The result is schedule stagnation, unwatchable mismatches, and parochialism—when Florida traveled to Columbia, Missouri last month to play SEC newcomer Missouri (Hey, a conference game!) it was the farthest the Gators had traveled from their home in Gainesville in more than 20 years. Their last such expedition, to Syracuse in 1991, resulted in a 38-21 defeat, a loss that kept the 10-1 Gators from playing for the national championship. Hence the reticence on behalf of the sport’s leviathans to risk a championship season for the sake of our entertainment.
What if, for one Saturday every season, every FBS program exposed itself, for the greater welfare of the sport, to the same amount of risk? I humbly submit for your consideration The Lottery Game.
Here’s how it works. Each season, the first Saturday of every November would remain open on every team’s schedule. Before the season begins, perhaps during the week before fall camps open in August, a network would host The Lottery Game Selection Show, which would resemble the NCAA basketball tournament selection show.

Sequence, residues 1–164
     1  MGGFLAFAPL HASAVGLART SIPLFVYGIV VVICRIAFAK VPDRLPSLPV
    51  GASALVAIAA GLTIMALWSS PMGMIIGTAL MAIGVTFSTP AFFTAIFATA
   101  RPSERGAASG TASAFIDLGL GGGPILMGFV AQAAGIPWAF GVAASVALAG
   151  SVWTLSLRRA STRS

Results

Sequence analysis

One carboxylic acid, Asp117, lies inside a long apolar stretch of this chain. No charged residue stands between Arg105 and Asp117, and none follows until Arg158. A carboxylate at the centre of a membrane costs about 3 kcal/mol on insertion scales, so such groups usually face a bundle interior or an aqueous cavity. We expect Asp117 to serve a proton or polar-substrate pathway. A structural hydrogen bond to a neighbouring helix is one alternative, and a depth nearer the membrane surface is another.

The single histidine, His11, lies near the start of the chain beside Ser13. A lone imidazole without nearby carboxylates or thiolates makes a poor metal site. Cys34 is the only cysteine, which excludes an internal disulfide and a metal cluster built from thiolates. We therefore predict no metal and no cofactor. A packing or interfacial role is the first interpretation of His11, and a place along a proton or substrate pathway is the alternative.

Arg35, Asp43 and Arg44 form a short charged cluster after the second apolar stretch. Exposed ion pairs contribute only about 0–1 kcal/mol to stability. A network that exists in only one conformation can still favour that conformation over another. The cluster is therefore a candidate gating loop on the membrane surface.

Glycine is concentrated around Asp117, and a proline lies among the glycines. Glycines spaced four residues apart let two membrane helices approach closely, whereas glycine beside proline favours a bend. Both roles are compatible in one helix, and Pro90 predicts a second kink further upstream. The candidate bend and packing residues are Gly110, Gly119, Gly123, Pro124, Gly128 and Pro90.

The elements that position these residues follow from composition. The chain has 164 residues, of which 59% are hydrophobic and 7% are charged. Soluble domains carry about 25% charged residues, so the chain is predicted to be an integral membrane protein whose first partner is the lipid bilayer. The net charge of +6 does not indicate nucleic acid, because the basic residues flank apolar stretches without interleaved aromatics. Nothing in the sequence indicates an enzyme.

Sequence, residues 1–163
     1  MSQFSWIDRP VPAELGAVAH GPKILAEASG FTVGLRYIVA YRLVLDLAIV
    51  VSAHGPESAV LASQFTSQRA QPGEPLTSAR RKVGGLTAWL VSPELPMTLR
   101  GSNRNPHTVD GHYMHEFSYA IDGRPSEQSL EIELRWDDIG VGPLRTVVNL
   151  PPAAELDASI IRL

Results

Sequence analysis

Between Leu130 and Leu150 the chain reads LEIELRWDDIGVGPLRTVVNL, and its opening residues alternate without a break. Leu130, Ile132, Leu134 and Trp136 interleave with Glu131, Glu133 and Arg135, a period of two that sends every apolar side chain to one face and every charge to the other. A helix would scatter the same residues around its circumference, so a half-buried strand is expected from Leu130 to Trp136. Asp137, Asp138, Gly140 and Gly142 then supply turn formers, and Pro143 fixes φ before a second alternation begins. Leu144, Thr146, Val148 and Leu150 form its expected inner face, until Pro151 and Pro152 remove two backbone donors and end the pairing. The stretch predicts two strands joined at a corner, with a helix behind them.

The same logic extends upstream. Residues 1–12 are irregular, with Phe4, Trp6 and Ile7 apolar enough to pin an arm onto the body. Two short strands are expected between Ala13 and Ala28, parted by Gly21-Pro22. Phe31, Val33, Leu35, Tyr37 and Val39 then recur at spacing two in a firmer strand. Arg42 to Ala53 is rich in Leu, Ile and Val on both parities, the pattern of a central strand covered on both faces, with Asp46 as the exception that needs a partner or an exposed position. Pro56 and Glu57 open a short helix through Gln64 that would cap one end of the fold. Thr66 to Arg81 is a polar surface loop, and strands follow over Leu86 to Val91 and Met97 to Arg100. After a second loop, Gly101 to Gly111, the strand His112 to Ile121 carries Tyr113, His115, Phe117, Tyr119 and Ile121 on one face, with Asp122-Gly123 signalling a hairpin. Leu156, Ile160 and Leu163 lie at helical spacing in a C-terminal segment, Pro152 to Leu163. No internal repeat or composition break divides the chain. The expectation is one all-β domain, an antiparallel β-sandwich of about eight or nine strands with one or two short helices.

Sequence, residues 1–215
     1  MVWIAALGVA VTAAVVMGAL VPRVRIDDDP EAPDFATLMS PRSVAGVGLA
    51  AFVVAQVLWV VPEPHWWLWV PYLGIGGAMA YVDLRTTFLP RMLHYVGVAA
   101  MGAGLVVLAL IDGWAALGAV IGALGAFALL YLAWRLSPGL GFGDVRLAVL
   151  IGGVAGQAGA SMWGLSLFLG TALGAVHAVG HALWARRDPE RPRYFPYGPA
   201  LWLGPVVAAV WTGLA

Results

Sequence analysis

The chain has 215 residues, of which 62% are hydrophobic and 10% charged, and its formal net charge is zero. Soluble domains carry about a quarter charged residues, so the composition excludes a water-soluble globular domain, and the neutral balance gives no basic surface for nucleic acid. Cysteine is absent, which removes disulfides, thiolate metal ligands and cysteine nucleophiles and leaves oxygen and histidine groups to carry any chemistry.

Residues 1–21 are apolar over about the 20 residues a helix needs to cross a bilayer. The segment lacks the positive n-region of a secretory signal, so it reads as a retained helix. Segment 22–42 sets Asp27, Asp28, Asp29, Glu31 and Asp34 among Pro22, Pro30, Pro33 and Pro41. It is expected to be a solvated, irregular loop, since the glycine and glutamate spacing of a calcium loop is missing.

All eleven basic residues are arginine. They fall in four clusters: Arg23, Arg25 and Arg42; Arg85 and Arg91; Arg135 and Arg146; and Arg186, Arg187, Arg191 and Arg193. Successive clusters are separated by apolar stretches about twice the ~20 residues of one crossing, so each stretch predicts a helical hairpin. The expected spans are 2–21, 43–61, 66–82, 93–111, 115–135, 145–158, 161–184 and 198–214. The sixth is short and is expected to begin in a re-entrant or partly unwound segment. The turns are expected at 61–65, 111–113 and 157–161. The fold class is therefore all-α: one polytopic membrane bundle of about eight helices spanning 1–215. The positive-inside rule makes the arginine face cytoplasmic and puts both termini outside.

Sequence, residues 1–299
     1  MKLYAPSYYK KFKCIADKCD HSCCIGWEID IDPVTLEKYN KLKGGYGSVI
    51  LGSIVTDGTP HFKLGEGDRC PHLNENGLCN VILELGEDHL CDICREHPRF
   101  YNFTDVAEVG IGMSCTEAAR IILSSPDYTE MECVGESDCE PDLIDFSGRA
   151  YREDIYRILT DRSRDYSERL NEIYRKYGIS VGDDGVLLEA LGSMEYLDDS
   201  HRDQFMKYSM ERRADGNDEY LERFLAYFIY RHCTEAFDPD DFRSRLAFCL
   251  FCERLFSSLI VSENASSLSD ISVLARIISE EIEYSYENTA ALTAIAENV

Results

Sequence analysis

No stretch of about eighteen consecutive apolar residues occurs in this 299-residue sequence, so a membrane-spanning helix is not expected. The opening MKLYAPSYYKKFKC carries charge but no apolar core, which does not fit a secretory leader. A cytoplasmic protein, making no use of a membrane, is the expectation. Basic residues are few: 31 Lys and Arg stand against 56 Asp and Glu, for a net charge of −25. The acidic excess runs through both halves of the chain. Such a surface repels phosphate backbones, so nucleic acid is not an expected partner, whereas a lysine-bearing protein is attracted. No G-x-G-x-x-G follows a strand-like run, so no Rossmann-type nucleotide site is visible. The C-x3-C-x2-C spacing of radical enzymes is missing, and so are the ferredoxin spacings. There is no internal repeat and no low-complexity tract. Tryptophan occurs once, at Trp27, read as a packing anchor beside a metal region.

The name of every FBS school would be placed into a hat, or any machine that draws numbers for a lottery, and we would proceed thusly:
1) Begin either at the top or the bottom of the list of FBS schools, in alphabetical order. For the sake of argument, let’s go in reverse alphabetical order and start with Wyoming.
2) Pull a name out of the hat. For example, the name University of Texas-San Antonio (yes, that’s an actual FBS school) is drawn. (I ran this experiment myself and you can, too, if you have the patience to write out the names of all 125 FBS schools.) So, the University of Texas-San Antonio plays at Wyoming.
3) Move on to the next school – Wisconsin – and repeat. And so on…
Of course, this idea has some potholes. Allow me to address them here:
A) You pull out the name of your own school.
B) You pull out the name of a school that is already on your schedule.